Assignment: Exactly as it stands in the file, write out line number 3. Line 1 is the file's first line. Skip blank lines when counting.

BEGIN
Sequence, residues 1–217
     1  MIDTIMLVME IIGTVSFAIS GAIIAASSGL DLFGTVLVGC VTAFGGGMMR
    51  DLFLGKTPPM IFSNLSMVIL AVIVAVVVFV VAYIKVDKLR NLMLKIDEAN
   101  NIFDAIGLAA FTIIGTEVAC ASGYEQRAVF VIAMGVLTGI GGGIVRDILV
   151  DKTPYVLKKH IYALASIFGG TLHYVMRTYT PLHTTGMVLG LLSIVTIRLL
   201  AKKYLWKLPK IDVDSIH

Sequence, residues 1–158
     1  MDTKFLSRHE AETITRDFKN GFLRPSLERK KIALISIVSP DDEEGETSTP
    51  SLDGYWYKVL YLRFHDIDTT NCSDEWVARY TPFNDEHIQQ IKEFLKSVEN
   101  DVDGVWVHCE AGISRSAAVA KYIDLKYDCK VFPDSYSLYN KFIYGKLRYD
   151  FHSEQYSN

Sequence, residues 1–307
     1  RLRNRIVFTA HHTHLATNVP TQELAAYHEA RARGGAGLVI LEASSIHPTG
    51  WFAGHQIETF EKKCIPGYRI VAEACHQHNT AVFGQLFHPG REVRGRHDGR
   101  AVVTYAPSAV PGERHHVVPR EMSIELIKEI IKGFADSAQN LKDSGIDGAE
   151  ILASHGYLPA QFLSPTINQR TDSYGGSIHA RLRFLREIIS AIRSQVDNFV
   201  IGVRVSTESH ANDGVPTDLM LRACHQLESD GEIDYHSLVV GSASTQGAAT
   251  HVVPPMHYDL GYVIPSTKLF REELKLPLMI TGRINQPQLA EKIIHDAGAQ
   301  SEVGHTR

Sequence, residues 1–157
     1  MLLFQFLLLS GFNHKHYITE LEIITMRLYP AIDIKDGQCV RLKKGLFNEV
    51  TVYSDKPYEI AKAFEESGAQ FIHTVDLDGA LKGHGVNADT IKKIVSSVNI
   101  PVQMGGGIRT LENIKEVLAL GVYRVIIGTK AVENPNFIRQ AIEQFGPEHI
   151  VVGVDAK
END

    51  DLFLGKTPPM IFSNLSMVIL AVIVAVVVFV VAYIKVDKLR NLMLKIDEAN